Pilates with Safiah

 

  • Certified Studio Equipment and Matwork Pilates Instructor

  • Pre and Post Natal Pilates Specialist

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Exercise during pregnancy | Why I turn pregnant clients away from my group Reformer Pilates class after they past the first trimester?

May 26, 2017

Safiah, I am pregnant. Can I still come to your group reformer class?

 


That is the question I get from my pregnant Mamas who attend my group Pilates Reformer class. Especially because I have done my certification in teaching Pilates for prenatal and post natal, many clients assume that it is okay for them to continue attending my usual group reformer Pilates class. In case you are not familiar with the Pilates world, Reformer is one of the equipment created by Joseph Pilates. In my group Reformer Pilates class, I teach a set of selected exercises to a group of clients (each client to a reformer) for about an hour. Aside from group classes being more affordable for most, there is also the energy and mutual support you get when working out in a group.

Lately I am having to turn away several of my regular clients from my group reformer classes because they are pregnant and have past their first trimester. To compensate this I opened up a prenatal class every Sunday with a maximum of 5 people so I can make sure that all pregnant clients are all looked after, and most importantly safe.


For the first trimester, it’s okay for pregnant clients to attend my classes as usual even if it’s the Intermediate level, depending on their energy level. For some, the first trimester can be very challenging because of you know, the expected stuff: nausea, morning sickness and tiredness but for others they may feel absolutely fine and normal. During the first 12 weeks the foetus is still forming and isn't fully embedded in the womb so we would want to take it easy and at least wait past 12 weeks before doing exercise that is a little bit more dynamic, provided that they are pregnancy safe activities. What I would usually tell my pregnant clients is to take a break whenever they want to and start opting out from any abdominal exercises that involves forward flexion and planks (read point No 2 below). I would also tell them to pay attention to when they reach the end of their first trimester because dear Mamas, once you get into second trimester and into the third trimester, the Do's and Don'ts of exercise during pregnancy changes. When my pregnant clients reach their second trimester I will either move them on to the group prenatal class or offer them private sessions.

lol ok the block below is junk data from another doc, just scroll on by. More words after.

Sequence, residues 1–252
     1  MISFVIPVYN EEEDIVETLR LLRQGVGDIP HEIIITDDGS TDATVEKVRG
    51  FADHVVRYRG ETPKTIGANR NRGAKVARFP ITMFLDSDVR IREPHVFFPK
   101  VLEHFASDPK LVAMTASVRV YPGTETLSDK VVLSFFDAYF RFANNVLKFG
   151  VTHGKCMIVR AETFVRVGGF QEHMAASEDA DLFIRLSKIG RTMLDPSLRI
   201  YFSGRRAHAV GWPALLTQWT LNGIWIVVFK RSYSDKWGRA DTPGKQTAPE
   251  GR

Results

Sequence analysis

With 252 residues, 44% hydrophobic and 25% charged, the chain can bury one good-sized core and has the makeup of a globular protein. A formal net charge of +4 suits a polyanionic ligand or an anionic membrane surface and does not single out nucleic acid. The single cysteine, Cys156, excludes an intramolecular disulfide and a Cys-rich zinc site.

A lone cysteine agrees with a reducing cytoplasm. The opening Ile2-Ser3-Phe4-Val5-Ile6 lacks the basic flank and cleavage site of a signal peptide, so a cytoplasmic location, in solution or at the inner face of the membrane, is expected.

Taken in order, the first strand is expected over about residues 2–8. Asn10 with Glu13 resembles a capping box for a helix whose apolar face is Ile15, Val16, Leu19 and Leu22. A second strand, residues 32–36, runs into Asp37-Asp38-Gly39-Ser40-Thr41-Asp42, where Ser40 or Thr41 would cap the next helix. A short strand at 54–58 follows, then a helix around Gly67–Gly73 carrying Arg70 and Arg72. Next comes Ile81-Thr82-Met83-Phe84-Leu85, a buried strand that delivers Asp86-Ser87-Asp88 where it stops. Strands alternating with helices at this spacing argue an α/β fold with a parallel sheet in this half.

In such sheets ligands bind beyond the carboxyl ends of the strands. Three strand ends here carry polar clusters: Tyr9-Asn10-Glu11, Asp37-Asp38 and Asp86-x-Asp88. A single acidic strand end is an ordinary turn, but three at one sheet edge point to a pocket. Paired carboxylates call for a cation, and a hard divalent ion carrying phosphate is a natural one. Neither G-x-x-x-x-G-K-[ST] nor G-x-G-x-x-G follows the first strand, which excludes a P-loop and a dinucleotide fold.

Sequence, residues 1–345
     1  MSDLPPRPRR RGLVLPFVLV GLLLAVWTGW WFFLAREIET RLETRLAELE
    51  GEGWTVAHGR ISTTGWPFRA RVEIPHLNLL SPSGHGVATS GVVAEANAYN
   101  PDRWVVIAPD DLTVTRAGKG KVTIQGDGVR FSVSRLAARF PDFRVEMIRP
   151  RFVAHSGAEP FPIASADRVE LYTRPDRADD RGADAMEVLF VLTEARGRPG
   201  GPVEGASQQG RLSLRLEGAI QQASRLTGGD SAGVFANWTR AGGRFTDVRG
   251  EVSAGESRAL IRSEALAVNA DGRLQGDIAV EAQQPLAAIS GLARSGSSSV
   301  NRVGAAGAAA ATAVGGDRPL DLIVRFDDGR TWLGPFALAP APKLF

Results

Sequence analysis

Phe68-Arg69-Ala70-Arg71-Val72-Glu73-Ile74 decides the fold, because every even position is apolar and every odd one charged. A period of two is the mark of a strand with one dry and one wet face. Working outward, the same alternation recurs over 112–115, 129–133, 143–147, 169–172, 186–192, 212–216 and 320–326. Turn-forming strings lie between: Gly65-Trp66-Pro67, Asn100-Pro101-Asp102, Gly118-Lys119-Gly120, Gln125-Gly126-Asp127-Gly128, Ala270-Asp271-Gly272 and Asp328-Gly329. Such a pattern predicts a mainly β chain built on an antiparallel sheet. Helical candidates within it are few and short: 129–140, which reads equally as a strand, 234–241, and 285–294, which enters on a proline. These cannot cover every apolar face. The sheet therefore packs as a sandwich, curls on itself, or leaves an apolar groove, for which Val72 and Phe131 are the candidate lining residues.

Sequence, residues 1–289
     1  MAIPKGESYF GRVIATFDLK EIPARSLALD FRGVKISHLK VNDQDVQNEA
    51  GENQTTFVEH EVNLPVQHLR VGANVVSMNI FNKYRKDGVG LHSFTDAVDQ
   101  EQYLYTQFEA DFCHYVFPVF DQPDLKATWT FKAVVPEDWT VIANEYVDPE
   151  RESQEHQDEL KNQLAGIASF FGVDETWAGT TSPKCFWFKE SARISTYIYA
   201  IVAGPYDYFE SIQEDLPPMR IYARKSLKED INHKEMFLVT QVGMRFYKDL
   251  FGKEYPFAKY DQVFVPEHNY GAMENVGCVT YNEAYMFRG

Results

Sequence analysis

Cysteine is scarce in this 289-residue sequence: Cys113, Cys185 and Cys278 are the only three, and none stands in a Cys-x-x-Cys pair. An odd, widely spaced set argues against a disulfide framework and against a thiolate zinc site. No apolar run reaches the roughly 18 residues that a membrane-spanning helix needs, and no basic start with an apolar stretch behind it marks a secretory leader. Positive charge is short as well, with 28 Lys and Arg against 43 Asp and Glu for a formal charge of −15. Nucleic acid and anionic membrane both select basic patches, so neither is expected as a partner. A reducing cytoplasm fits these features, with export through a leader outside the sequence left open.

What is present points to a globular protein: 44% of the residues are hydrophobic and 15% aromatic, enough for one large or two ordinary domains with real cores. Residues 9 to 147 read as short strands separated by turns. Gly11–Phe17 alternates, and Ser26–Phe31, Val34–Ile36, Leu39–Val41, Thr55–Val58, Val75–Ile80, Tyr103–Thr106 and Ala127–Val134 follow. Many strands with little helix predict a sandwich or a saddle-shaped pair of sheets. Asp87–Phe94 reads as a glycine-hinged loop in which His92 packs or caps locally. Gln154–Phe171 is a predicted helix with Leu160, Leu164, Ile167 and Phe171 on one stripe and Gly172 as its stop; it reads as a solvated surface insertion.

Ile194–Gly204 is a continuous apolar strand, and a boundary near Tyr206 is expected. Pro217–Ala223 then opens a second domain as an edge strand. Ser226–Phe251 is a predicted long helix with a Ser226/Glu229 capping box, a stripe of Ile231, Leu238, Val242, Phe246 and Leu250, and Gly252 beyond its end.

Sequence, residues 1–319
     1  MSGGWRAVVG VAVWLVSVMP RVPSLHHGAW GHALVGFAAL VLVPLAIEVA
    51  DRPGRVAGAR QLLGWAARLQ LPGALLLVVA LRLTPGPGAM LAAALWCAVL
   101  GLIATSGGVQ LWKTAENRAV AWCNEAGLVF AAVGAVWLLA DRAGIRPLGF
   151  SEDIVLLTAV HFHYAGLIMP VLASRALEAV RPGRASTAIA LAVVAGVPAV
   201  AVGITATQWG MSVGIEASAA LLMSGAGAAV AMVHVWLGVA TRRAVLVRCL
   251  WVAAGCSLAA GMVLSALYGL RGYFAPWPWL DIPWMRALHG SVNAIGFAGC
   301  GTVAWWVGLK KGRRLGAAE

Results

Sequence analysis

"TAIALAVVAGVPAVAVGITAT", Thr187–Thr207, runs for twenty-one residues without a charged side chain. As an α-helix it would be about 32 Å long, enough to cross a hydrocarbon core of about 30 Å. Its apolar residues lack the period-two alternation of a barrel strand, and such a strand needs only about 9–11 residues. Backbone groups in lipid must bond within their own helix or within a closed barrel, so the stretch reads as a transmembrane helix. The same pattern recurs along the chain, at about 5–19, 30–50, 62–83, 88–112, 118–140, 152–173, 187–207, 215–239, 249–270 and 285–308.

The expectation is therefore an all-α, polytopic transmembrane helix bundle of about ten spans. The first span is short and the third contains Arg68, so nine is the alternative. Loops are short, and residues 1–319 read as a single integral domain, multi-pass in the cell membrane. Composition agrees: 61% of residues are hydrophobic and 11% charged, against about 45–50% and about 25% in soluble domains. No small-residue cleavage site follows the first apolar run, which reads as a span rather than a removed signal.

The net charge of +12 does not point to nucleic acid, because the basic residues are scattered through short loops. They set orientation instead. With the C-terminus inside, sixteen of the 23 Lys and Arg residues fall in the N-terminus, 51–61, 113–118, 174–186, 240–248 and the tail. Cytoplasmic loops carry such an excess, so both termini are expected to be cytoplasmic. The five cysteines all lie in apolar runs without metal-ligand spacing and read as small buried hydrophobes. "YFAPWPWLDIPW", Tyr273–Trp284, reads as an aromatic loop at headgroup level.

It is really hard turning away pregnant clients from my group classes especially when they are my regulars. And the few minutes gap we have in between classes is too short for me to chat and explain properly why they are not suitable to continue with the group reformer class. So I am writing this blog post to explain the reasons Why I turn pregnant clients away from my group Pilates class after they past the first trimester?

 


1. In general past 12 weeks, high impact or high intensity exercises are not encouraged because the bump gets bigger which means the womb is protruding and is less protected by the pelvic bones. So if the clients do high impact activities such as running, football or martial arts I would encourage them to switch to something low impact such as power walking, dance aerobic or swimming.

2. It is advised that after 16 weeks, for pregnant clients not to do exercises lying on their back for more than several minutes. The weight of the baby can press onto the mothers blood vessels, lowering her blood pressure (Supine Hypotension Syndrome). Technically a pregnant person’s head need to be higher then her heart when exercising. In Reformer Pilates class (beginner or intermediate) we sometimes spend half of the class lying on our backs! I usually adapt this by making the pregnant client lye back on a wedge cushion or on a  jump board placed on the reformer carriage to prop their head up, or instead give them side lying exercises on the reformer. This wont work in a normal group class because this means I need to adapt / give variations to the pregnant client and it is not fair for other clients.